Posted in blogging

Happy Anniversary

As of yesterday, the Written Vixen is officially three years old. Seeing that notification gave me a moment to take a look back at where things started. In a lot of ways, it’s surprised me to see how much my blog has grown in just three years.

In honor of that, I went all the way back to the start of the blog, with my introductory post.

Most of the time I write sci-fi and fantasy, but I’ve dabbled a little bit in just about every form of fiction. This blog is dedicated to book reviews, thoughts on writing, some short stories, and the trials and triumphs of publishing.

An Introduction

Book reviews aside, I think I’ve done a fairly good job of keeping up on what I set out to do. In the three years I’ve written sixty-four stories. I’ve also written and posted one hundred and sixty-eight writing exercises and prompts.

At almost a year, I posted about what I’d learned in that short time. Everything I said then still holds true today. Consistency matters, but so does interacting with other bloggers and reaching out into your community. It helps to keep a few ideas on the go, for those inevitable moments when I need a post and don’t have any new ideas handy.

And, above all else, be patient. When I first started blogging I had one follower—myself. Today, I have over two hundred people to thank—including you, reading this post. You’ve given me your time and attention. Many of my readers come from different walks of life, but you’ve all let me know that my words are being read and appreciated. For that, you have my thanks and my admiration.

If you’re just starting out: keep at it, and be patient. It takes time to grow things.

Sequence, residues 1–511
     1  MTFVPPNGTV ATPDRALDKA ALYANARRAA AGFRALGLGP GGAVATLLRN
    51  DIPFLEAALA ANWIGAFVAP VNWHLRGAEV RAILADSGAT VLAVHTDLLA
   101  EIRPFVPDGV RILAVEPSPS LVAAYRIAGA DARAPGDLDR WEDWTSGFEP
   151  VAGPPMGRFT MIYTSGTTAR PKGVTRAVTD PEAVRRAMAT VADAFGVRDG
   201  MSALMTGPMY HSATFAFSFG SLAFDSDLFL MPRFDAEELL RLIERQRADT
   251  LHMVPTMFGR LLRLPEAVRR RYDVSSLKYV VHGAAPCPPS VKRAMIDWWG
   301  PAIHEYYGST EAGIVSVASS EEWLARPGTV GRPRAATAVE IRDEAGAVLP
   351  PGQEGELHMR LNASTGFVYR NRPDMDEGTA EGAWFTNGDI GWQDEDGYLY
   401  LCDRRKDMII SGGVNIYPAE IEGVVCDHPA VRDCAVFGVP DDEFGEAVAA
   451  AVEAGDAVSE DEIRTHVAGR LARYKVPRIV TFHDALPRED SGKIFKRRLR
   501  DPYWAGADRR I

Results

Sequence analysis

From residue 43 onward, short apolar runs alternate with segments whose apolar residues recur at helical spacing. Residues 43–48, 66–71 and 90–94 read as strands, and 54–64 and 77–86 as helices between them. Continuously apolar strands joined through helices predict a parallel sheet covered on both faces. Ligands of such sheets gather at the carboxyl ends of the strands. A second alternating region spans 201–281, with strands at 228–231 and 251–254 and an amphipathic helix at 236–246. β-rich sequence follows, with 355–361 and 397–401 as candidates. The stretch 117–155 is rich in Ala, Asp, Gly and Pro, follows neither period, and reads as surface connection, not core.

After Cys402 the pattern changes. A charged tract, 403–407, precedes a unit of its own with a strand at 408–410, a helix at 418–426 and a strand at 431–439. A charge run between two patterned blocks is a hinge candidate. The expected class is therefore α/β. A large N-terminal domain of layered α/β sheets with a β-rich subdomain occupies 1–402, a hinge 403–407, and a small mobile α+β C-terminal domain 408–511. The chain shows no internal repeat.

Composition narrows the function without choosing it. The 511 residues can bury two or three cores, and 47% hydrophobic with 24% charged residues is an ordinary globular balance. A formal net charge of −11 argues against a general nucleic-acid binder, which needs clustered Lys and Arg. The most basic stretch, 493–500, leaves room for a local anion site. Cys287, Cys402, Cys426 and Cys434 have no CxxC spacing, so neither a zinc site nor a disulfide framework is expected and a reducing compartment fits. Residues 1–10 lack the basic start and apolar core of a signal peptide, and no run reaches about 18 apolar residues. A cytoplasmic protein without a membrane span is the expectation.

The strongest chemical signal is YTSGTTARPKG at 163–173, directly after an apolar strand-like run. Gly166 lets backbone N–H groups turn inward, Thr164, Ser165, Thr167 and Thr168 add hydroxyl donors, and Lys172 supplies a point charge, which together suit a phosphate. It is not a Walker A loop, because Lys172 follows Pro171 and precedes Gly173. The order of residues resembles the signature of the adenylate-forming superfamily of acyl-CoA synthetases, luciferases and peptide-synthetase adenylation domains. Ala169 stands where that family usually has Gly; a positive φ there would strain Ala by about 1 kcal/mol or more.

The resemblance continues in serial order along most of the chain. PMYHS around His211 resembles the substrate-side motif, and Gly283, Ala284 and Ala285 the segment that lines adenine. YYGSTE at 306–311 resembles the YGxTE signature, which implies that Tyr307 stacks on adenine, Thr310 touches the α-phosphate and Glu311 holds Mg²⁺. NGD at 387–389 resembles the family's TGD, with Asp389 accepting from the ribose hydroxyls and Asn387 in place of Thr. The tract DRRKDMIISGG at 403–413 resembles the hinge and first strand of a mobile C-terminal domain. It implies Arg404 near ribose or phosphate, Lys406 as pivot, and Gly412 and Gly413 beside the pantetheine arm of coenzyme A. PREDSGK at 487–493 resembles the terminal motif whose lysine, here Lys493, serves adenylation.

I had one goal when I started blogging, and that was to hopefully inspire someone else. Today I know I have inspired others. My prompts and exercises remain consistently among my top-performing posts.  For that, I again have everyone reading today’s post to thank.

Three years in and I’m happy with how things stand. Where I’ll go next, I don’t know, but I do know that I’m excited. There’s new goals to set and reach and new things to discover. Who knows what comes next? Maybe I’ll finally start getting some reviews written.

Thank you. I’m looking forward to sharing the next year with all of you.

Posted in books

2021 Reading Challenge

Last year I set a reading challenge for myself to read twenty-four books. That ended up being a wash, in part due to a string of DNF-worthy books that killed my reading mood early on in the year. The other part of that was because I left it a little too broad for myself, which lead me to looking at most of my books through loopholes.

I’m still aiming for twenty-four books this year, but I’ve restructured slightly, adding in monthly themes. In order to qualify as part of my reading challenge, a book needs to meet at least one of the monthly themes. Bonus points are of course, awarded for meeting two or more categories.

Plot: Based off my handy-dandy plot list, to qualify the book in question needs to have a main plot based on the one chosen for the month. I.e. in January my plot of choice is revenge. If the main plot doesn’t feature some of revenge or seeking revenge, it’s won’t qualify. Since I won’t always know what the plot is until I’ve read the book, back cover copy is key here.

Location: Travel is still off the table in real-life, but there’s no reason I can’t pick another location to read about. I’m trying to alternate between general locations like ‘beach’ or ‘woods’ and specifics like Berlin and Seoul.  The story must be predominantly set in the given location in order to qualify.

Word: If it has the word in the title, it qualifies. Variants are allowed but only if they’re a variant of the same word. Fire, for instance, counts under fired, but not under flame.

Image: I know the saying is that you can’t judge a book by its cover, but some covers are simply stunning! Hence, if the image on the cover matches the theme, it can still qualify for the challenge.

Although I’m only aiming for twenty-four books for the year, I went with four categories every month, both to give myself a little room and on the off-chance I get more than two books read.

January Themes

Plot: Revenge

Location: Woods

Word: Door

Image: Fire

What will you be reading in January?

Posted in recaps

Recapping 2020